Buttigieg Visits Site Of Train Derailment, Three Weeks After Toxic Crash

(Photo by Drew Angerer/Getty Images)

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Transportation Secretary Pete Buttigieg visited the site of the toxic train derailment in East Palestine, Ohio, on Thursday, nearly three weeks after the fiery wreck forced residents from their homes.

Buttigieg arrived in East Palestine to meet with local residents who have expressed increasing frustration with the lack of federal response to the disaster that struck their town on Feb. 3 when fifty cars carrying hazardous materials derailed, sparking a massive fire, The Associated Press reported.

Concern over the toxic fallout from the fire have left residents feeling “mentally exhausted” as they grapple with the potential of long-term impacts to their health and the environment, NBC News reported. “We’re afraid to shower,” local resident Doug Brayshaw told the outlet. “I won’t even give my dog drinking water out of my well right now because I’m worried.”

Buttigieg has been under fire for not responding publicly about the derailment until ten days after the wreck when he tweeted his “concern” on Feb 13. When pressed about his delayed response, the secretary admitted he “could have spoken sooner” but maintained his office was “focused on the actions that are gonna make a difference.” (RELATED: Sen. JD Vance Blasts Buttigieg For Focus On ‘Fake Problems’ After Toxic Train Derailment)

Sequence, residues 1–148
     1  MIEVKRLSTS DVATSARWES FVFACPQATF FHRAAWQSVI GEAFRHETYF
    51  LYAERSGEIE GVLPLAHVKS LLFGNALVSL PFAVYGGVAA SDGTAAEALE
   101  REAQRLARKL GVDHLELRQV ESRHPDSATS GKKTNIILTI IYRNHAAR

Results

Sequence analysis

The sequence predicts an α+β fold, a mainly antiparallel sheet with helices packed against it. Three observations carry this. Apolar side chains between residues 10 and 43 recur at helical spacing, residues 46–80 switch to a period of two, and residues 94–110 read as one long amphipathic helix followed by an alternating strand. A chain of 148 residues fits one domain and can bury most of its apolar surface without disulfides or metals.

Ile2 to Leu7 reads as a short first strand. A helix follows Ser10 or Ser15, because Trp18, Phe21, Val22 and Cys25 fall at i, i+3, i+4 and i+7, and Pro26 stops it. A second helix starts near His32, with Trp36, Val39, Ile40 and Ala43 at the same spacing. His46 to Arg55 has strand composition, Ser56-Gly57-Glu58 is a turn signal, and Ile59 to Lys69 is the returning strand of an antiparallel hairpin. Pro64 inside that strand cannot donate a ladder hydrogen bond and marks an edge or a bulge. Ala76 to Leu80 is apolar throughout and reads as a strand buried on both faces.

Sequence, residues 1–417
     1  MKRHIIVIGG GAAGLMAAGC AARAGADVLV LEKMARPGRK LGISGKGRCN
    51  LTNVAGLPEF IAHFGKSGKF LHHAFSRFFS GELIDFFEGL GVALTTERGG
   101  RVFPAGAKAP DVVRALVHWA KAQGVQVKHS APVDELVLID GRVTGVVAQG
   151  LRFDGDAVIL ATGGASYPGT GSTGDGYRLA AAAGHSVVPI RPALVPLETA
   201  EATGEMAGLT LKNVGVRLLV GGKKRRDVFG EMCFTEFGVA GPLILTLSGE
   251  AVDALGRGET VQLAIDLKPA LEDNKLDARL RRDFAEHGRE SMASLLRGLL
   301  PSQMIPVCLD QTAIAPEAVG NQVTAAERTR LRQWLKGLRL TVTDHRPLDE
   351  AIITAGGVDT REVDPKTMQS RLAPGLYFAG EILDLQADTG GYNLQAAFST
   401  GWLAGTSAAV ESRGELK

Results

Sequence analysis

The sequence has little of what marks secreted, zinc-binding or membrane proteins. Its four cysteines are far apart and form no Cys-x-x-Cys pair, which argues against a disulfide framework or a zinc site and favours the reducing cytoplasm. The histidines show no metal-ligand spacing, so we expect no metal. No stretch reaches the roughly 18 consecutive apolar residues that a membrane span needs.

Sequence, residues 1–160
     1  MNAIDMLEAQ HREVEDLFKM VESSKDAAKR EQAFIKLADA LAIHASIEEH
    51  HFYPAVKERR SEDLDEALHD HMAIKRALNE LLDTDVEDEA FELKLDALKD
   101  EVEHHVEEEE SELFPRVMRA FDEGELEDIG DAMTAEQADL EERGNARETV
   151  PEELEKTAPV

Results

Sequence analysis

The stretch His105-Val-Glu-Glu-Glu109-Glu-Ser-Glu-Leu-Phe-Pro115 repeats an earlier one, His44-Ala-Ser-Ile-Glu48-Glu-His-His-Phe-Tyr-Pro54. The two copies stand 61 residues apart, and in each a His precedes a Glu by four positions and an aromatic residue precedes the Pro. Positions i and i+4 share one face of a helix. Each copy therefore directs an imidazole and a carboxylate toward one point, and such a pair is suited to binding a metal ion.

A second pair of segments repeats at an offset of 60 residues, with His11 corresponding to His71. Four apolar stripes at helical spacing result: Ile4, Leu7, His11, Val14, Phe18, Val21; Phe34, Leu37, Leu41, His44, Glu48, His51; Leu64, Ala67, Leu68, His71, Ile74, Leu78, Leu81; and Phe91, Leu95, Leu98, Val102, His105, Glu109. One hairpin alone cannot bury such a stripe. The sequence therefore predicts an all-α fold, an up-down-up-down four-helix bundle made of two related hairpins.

The Biden Administration also stood by its response, pointing out that officials from the Environmental Protection Agency (EPA), National Transportation Safety Board (NTSB) and other agencies arrived in East Palestine hours after the derailment, AP reported. The EPA and Norfolk Southern, the company that owned the derailed train, have been engaged in a cleanup effort, testing air quality outside and in 533 homes as well as running tests on the municipal water supply for drinkability.

Residents have been skeptical about the efforts, however.

Jenna Catone, 31, who was displaced to a hotel for 10 days after the derailment, told NBC News that when she was given the opportunity to have her home “cleaned” by a contractor supplied by Norfolk Southern, she jumped at the opportunity. Instead of a thorough scrub down, however, Catone stated that a man came by, sprayed her home with a disinfectant and odor neutralizer and left.

“They didn’t even bring a rag in with them,” she said.

The EPA took over the management of cleanup efforts on Feb. 22 with the understanding that all costs incurred would be shouldered by Norfolk Southern. The agency also announced that air monitoring and water sample tests are showing nothing of concern, and that they will present more detailed findings as they become available, NPR reported.